Californians have lost much of their former ability to monitor the performance of police officers and agencies, due in large part to a series of unfavorable court rulings and to the timidity of elected leaders who repeatedly bowed to pressure from law enforcement labor unions. The Legislature now has taken up a modest yet valuable bill that would allow the public to learn which officers fired their weapons, used other serious force or lied about their actions.
…Without such data, it is nearly impossible to learn which officers account for disproportionate injuries, deaths and public liability. Nor is it possible to determine whether agencies operate effective internal investigations and unbiased disciplinary systems. That leaves police departments shockingly free of real oversight from the public they serve.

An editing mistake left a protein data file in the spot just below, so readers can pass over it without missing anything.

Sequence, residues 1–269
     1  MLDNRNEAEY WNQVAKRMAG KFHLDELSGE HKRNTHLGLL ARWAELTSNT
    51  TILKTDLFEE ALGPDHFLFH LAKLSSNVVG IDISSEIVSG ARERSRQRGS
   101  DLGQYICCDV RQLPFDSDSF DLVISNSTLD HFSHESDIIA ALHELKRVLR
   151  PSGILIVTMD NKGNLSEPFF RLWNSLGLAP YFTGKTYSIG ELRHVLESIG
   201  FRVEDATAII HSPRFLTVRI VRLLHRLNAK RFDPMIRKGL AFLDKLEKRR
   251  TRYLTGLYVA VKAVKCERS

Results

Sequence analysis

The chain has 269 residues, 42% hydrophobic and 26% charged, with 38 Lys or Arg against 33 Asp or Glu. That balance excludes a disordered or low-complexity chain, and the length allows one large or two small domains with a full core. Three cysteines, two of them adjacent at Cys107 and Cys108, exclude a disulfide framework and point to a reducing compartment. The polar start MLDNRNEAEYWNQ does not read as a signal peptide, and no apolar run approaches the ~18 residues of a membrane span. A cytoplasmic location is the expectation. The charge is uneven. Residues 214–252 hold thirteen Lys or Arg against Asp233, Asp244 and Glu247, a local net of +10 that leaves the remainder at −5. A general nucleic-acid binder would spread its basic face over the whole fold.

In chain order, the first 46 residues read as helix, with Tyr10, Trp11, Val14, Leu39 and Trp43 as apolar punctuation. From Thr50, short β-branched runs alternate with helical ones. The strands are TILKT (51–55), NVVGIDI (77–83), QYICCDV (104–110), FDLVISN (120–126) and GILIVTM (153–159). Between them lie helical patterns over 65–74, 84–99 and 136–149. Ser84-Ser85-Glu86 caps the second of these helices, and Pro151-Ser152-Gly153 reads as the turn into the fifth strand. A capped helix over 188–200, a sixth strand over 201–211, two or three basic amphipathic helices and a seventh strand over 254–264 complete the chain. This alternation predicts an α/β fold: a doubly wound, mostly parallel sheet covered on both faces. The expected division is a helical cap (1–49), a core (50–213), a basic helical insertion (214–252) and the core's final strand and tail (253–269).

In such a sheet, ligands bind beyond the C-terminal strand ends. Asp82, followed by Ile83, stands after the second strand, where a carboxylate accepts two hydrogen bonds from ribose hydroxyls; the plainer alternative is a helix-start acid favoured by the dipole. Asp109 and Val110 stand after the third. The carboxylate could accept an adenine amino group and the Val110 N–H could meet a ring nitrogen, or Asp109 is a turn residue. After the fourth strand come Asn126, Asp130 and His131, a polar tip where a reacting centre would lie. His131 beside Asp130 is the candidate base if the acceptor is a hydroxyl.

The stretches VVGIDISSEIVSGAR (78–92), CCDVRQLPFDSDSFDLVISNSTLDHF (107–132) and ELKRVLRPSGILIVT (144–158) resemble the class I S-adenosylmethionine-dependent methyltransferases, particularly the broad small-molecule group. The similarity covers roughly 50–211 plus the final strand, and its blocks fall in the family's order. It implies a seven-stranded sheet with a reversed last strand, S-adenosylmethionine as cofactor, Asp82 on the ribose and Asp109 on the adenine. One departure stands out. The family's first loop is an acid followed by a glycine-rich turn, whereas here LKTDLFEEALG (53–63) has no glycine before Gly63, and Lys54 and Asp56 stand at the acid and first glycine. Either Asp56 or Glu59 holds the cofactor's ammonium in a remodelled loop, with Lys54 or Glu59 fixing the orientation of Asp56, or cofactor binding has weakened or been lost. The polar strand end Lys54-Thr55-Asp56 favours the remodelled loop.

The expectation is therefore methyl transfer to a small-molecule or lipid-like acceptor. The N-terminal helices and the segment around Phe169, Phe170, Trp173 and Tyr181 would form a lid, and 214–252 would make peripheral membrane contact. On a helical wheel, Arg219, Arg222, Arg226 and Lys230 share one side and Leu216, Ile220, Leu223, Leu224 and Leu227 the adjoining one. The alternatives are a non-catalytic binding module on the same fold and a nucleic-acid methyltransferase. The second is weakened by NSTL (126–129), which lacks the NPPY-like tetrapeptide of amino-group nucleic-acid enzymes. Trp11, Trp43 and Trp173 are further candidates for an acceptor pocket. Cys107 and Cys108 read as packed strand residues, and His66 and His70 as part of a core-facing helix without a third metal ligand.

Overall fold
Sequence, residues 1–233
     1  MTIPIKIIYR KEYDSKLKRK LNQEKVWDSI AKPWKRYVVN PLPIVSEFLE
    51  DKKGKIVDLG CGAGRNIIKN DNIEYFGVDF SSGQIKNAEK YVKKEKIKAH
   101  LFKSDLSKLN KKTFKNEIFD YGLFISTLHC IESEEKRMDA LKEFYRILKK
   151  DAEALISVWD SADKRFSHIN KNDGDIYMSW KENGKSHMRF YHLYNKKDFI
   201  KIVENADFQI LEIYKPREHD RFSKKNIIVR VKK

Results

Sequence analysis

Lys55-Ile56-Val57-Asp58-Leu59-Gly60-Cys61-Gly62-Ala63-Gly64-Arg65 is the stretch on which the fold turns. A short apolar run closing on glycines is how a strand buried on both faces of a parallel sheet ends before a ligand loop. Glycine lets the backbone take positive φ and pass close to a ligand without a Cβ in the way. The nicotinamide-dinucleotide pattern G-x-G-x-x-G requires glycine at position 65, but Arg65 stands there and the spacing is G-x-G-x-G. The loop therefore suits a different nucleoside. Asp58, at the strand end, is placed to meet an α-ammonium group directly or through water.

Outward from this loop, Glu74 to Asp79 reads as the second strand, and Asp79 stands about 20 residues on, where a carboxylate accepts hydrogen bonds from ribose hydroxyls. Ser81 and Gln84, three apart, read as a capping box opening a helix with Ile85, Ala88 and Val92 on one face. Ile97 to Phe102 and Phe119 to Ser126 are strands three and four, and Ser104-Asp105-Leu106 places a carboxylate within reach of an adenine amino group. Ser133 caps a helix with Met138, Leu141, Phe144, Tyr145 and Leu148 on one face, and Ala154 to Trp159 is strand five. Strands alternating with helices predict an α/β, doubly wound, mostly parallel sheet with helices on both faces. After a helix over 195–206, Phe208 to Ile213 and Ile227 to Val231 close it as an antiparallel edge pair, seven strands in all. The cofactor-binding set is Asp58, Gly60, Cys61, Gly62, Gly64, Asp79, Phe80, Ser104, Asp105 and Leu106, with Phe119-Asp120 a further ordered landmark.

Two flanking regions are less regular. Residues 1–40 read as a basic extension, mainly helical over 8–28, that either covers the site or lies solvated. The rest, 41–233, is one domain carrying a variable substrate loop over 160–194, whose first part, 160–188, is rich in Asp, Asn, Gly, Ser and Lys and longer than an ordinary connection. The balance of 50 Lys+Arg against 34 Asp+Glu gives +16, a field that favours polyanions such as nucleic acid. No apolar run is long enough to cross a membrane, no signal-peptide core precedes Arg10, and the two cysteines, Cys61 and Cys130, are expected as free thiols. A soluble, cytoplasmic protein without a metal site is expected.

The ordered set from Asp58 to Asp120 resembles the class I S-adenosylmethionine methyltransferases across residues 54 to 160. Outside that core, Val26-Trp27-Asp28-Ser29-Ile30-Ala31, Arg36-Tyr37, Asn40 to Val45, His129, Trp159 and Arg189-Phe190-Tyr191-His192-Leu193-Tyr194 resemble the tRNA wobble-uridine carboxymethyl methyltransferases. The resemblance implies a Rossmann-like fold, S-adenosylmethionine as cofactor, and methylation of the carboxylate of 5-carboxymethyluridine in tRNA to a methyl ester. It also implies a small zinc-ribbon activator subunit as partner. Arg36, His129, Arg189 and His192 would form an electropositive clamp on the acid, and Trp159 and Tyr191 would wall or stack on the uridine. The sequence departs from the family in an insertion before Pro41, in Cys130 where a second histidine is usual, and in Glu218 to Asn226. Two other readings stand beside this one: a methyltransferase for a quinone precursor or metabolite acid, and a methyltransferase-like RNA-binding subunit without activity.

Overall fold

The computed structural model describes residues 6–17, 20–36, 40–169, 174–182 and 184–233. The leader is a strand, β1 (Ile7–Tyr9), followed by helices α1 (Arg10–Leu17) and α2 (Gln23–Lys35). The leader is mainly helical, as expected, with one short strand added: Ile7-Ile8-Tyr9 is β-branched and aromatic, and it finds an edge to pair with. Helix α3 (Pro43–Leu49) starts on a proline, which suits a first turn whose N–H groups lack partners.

…Unlike teachers and sanitation workers, though, law enforcement officers take up badges and weapons and are uniquely granted the authority to arrest or even kill in the name of the law. In return, some modicum of access to police records is required to prevent abuse of that enormous power.
The bill, authored by Democrat Nancy Skinner of Berkeley, is so measured that the state’s district attorneys have dropped their opposition. It would make public the currently confidential reports that police departments prepare on a variety of incidents involving officers, including discharging a firearm or using a Taser or other electroshock weapon, striking a person on the head or neck or taking any action that results in serious injury or death.
Access also would be granted to records that show an officer sexually assaulted a member of the public, or lied or falsified evidence in the course of a police investigation or criminal prosecution.
Oversight and access to compromising information about officer performance and malfeasance? I’ll believe it when I see it in action.